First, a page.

In the almost ten years that Future of Music Coalition has existed, we've seen tremendous changes in the way musicians go about reaching and cultivating fans. Perhaps the biggest development in our decade on the scene is in how artists are using the internet.
It's safe to say that nearly all of the exciting things that have gone down online are the result of net neutrality — the principle that protects the open internet.
Net neutrality has inspired incredible displays of creativity and entrepreneurship, as musicians adopt and devise new ways to inspire fans and create a buzz. From OK Go's famous YouTube videos to Erin McKeown's "Cabin Fever" concerts to bands booking tours and cross-promoting, the internet lets all artists compete on an equal technological footing with the biggest companies.
Today's artists use their web presence not only to sell music and merchandise, but also an amazing array of innovative content — all without interference from gatekeepers. Contrast this with the traditional music industry, where artists required significant financial backing to reach potential listeners.
But without net neutrality, all this — and many other things we've come to take for granted online — could be in jeopardy.
Currently, a handful of powerful Internet Service Providers (IPSs) are putting pressure on the Federal Communications Commission to "tone down" its planned introduction of expanded net neutrality principles (and the accompanying public discussions) on the way to possible rulemaking.
Why are the ISPs and their lobbyists in such a tizzy? Well, for one, they want to be able to charge content providers (you, know, people like musicians who put stuff on the web) a higher fee for the faster delivery of their sites and services. Those who couldn't afford to — or didn't want to — pay the "toll" would be stuck in the slow lane of the information superhighway.
But that's not the only reason that net neutrality (ie, the internet as we know it) is so important to preserve.
Last year's FCC investigation into whether Comcast interfered with user's ability to send and receive data using the BitTorrent protocol revealed that even the King James Bible was being unfairly blocked. In 2007, AT&T censored political speech by Pearl Jam's Eddie Vedder during the exclusive webcast of the band's appearance as part of the Lollapalooza festival. The latter incident indicates the danger of allowing a single carrier to make decisions about what kind of speech it considers "appropriate."
Clearly, there's a need for clear and transparent rules about what Internet Service Providers are allowed to do in terms of managing their networks. While there are certainly important discussions to be had about how to ensure a smooth experience for subscribers, any ISP activities that target or discriminate against lawful content in order to establish a marketplace advantage is contrary to what makes the internet the most important communications platform of our time.
Naturally, there are are concerns about protecting copyright and intellectual property online. Keep in mind that FMC supports artists' rights to have control over their creative expressions, as well as their ability to access potential audiences. Yet any solutions to unlawful filesharing are likely to be the product of a neutral net. (There are currently reports that because of new legal services, filesharing is becoming passe globally, anyway.) The growth of the broadband marketplace —despite limited competition due to a cable/telecommunications duopoly — has helped lay the cornerstone for a legitimate digital music marketplace. These days, there are tons of exciting, legal ways to experience music online, and more are on the way. To abandon net neutrality is to starve this marketplace of the very oxygen it needs to grow and flourish. Besides, do you really want to hand over they keys to digital music innovation to your phone or cable company?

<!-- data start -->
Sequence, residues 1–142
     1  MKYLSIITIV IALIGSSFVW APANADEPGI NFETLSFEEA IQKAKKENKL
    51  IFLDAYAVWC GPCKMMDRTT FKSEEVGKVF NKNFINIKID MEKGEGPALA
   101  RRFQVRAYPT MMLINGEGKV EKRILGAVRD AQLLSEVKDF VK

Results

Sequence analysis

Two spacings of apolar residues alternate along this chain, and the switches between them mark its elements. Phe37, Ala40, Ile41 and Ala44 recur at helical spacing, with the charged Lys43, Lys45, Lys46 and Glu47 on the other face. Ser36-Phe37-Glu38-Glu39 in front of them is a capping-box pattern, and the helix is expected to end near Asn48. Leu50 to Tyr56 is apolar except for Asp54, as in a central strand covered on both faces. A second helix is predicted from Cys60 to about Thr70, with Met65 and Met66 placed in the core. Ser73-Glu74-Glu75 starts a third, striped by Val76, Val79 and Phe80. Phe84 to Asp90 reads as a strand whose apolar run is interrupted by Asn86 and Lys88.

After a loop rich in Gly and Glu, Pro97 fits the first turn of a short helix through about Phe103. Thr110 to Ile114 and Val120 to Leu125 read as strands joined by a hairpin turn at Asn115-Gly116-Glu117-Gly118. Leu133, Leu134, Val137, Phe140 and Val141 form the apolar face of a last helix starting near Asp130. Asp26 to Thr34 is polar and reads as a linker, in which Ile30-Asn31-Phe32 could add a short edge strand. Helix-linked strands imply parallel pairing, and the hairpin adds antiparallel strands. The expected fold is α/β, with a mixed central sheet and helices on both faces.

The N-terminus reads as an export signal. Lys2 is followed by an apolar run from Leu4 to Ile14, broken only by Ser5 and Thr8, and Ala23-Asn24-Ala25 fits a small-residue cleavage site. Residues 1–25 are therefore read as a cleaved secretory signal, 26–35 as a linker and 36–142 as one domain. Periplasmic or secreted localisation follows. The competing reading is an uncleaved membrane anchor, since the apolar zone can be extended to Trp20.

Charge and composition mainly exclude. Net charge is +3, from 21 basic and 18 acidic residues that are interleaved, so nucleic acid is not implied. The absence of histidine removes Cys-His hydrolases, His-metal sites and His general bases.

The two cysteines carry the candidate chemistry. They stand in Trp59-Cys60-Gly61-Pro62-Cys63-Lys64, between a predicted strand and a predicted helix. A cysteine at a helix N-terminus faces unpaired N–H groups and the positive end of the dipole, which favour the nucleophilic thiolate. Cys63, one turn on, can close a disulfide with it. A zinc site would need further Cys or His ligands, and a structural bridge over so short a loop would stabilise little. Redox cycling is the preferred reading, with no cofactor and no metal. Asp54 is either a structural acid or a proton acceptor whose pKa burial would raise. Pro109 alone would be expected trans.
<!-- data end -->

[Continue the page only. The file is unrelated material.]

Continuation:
FMC started its Rock the Net campaign in 2007 because we recognize that musicians are not only America's cultural ambassadors, but also part of its entrepreneurial backbone. Just about everywhere you look, artists are finding new platforms to turn people on to their music. In the absence of net neutrality, these platforms may be only available to those who could cut big-money deals with the telecom and cable companies — or worse, the platforms may never be built at all due to an "innovation drain" that could result from a lack of open structures.
More recently, we were thrilled to have Senator Al Franken talk about the importance of net neutrality in a speech at the 2009 Future of Music Policy Summit. This year's conference also saw a keynote from FCC Chairman Julius Genachowski — check out C-SPAN video of both speeches here.
This fight to preserve the open internet has been going on for some time. Now that we're close to having net neutrality become the law of the land, it's little surprise that the big telecom and cable companies are pushing back. But that shouldn't stop you from letting the world know about your support of an internet that's open to all. Why not write a song or make a YouTube video about it? And if you do, be sure to let us know and we'll help spread the word!